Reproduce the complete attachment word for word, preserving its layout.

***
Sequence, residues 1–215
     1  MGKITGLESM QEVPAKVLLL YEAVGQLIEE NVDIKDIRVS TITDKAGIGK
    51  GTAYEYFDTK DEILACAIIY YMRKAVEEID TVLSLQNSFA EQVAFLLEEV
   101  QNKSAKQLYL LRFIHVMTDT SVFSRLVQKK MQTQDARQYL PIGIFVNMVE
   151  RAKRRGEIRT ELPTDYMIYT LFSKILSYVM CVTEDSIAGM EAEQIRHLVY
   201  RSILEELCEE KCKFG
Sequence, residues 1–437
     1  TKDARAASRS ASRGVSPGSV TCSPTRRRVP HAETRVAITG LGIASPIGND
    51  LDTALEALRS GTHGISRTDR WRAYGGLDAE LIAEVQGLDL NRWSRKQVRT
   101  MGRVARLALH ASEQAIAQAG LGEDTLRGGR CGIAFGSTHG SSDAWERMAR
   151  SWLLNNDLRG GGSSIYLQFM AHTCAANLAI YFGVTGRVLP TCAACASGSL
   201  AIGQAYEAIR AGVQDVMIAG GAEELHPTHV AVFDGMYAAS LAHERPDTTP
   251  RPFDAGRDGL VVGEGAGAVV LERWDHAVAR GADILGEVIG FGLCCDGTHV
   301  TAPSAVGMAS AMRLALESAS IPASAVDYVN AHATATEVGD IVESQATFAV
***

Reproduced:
Sequence, residues 1–215
     1  MGKITGLESM QEVPAKVLLL YEAVGQLIEE NVDIKDIRVS TITDKAGIGK
    51  GTAYEYFDTK DEILACAIIY YMRKAVEEID TVLSLQNSFA EQVAFLLEEV
   101  QNKSAKQLYL LRFIHVMTDT SVFSRLVQKK MQTQDARQYL PIGIFVNMVE
   151  RAKRRGEIRT ELPTDYMIYT LFSKILSYVM CVTEDSIAGM EAEQIRHLVY
   201  RSILEELCEE KCKFG
Sequence, residues 1–437
     1  TKDARAASRS ASRGVSPGSV TCSPTRRRVP HAETRVAITG LGIASPIGND
    51  LDTALEALRS GTHGISRTDR WRAYGGLDAE LIAEVQGLDL NRWSRKQVRT
   101  MGRVARLALH ASEQAIAQAG LGEDTLRGGR CGIAFGSTHG SSDAWERMAR
   151  SWLLNNDLRG GGSSIYLQFM AHTCAANLAI YFGVTGRVLP TCAACASGSL
   201  AIGQAYEAIR AGVQDVMIAG GAEELHPTHV AVFDGMYAAS LAHERPDTTP
   251  RPFDAGRDGL VVGEGAGAVV LERWDHAVAR GADILGEVIG FGLCCDGTHV
   301  TAPSAVGMAS AMRLALESAS IPASAVDYVN AHATATEVGD IVESQATFAV